Troubled times: Celebrated cloning researcher Woo-Suk Hwang faces allegations of fraud. Credit: Reuters/Kim Kyung-Hoon

More than a month after South Korean cloning star Woo-Suk Hwang admitted to lying about the source of eggs used in his research, allegations continue to surface about the scientific accuracy and ethics of his landmark papers.

It's going to have a chilling effect on the scientific community. Kevin Eggan, Harvard University

As Seoul National University and scientific journals try to sort out the truth, researchers are grappling with the potential ramifications. “It's going to have a chilling effect not just on the public debate [about stem cell research] but also on the scientific community,” says Kevin Eggan, a stem cell researcher at Harvard University.

Hwang, a veterinarian, became famous in 2004 for establishing the first stem cell line from a cloned human embryo (Science 303, 1669–1674). A few months later, an article in Nature suggested that two junior members of Hwang's team—both of whom were authors of the paper—had donated eggs, a crucial resource in the experiment (429, 3; 2004).

Hwang dismissed the report as based on a language misunderstanding and, over the next year, continued to deny the allegations (Nat. Med. 11, 464; 2005). In November, he shocked the world when he admitted that the two women in his laboratory had donated the eggs.

Soon after, his 2005 paper, which reported 11 stem cell lines tailored to diseased patients, (Science 308, 1777–1783), came into question when corrections to the data fueled rumors that some of the results might have been fabricated.

The second author on the paper, MizMedi hospital's Sung-Il Roh, told reporters that Hwang had fabricated data. Hwang later asked Science to retract the paper, but insists that the problems are a result of small errors in management rather than of scientific misconduct. He says many of the cell lines have been destroyed, but promised to prove the authenticity of his work by thawing some remaining cell lines.

Hwang is now fighting an uphill battle to regain credibility. His once-bustling lab in the hilly Seoul National University campus is roped off. Access by team members has been restricted and closed circuit televisions monitor the lab.

There is some evidence, still unaddressed, that one of the donors might have felt under pressure to give their eggs. According to Roh, a fertility expert who collected the eggs for Hwang, one laboratory member donated her eggs to make up for the hundreds of eggs she had wasted early in the experiment. Roh, who says he tried to dissuade her from donating, quoted her as saying, “If I don't sacrifice, the project can't succeed.”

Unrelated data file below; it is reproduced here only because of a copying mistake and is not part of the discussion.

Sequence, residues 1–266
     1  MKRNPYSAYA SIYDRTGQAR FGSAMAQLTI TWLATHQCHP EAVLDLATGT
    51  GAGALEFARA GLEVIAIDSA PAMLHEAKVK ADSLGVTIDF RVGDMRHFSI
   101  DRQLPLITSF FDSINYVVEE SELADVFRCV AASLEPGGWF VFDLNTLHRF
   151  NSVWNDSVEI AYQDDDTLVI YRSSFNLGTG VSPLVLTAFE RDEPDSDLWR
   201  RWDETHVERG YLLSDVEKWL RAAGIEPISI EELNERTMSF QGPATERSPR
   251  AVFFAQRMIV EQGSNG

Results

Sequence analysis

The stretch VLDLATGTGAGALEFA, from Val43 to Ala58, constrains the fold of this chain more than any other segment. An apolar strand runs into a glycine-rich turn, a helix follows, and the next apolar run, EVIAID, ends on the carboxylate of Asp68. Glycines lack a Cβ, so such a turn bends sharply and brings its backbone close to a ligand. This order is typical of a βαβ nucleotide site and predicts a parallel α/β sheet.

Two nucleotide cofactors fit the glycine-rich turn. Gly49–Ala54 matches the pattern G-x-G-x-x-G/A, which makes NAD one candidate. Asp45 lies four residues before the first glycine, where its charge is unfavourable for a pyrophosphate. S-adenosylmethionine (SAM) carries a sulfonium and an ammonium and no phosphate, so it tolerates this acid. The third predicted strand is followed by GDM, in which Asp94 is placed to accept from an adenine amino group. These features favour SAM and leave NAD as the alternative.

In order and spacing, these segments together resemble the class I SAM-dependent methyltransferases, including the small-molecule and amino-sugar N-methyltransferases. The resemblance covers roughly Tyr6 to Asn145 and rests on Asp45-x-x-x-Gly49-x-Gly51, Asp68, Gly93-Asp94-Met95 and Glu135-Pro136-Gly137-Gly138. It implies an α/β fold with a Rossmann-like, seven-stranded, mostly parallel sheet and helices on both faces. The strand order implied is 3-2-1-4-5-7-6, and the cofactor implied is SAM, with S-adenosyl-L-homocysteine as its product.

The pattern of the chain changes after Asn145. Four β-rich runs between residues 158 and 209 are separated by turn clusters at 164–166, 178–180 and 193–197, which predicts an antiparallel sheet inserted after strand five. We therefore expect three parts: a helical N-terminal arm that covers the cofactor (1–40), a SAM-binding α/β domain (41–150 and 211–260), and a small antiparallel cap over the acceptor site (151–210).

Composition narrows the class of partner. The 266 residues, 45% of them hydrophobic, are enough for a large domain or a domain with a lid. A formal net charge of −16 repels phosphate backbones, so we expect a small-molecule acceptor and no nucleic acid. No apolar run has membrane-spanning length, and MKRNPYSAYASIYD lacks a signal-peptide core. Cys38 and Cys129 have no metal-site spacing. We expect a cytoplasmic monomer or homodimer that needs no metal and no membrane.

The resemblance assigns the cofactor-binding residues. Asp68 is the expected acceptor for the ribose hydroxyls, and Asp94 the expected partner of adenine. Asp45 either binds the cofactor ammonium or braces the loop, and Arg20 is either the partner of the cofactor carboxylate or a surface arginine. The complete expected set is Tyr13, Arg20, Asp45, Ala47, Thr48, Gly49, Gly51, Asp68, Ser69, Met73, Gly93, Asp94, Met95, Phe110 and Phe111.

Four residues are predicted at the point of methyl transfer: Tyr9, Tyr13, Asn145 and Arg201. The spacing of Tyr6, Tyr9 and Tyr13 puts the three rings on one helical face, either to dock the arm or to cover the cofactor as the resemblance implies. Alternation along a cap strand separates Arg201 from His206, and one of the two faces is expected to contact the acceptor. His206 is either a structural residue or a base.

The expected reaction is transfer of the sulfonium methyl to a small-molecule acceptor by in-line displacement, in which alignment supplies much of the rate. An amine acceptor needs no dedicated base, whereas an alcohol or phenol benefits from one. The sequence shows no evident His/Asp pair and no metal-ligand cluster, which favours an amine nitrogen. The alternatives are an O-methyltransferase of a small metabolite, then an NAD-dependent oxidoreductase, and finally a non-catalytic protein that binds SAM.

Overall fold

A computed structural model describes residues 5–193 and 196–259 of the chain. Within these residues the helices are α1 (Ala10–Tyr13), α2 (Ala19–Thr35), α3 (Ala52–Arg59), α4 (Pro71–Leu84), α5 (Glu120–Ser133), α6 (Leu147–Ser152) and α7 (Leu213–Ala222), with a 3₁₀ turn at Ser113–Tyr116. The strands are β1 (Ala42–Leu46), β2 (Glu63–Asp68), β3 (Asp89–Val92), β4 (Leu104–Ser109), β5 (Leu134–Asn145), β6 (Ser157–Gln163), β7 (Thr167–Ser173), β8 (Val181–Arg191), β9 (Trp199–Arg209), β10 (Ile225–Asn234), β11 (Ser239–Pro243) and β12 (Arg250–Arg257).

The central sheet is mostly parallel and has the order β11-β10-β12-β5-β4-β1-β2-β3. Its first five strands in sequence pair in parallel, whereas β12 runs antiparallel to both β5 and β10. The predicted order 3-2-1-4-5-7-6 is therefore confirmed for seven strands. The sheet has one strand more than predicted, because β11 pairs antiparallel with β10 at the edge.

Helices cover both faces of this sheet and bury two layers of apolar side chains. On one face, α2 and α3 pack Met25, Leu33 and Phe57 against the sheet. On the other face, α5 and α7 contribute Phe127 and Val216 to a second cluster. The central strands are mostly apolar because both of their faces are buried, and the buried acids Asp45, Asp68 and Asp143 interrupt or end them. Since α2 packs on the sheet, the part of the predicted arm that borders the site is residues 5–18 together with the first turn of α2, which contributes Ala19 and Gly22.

An investigation by the ministry of health concluded in November that the donations were voluntary. But determining whether there was any pressure from Hwang might require more information. “The egg donor and lab scientist have conflicts of interest,” says Seoul National University's Ock-Joo Kim, head of the Korean Association of Institutional Review Boards.

Kyu-Won Jung, a bioethicist at Hanyang University who helped Hwang's group revise its informed consent protocols for the 2005 paper, says the possibility of pressure from senior researchers has to be carefully weighed. “If I were the IRB member who should decide the approval, I would not approve the donation by a lab member,” he says.

A resolution might be in the offing. The National Bioethics Committee is looking into Hwang's donor recruitment procedures as well as the role of the Internal Review Board that oversaw his experiment. Seoul National University is also investigating the allegations. That inquiry might include DNA tests that would determine whether the cell lines are true clones.

As Nature Medicine went to press, scientists were also questioning the seminal 2004 paper that demonstrated the ability to create stem cell lines from cloned human embryos. “I think at this point, we can assume nothing,” says Eggan. “One can never really know how far back an indiscretion goes.”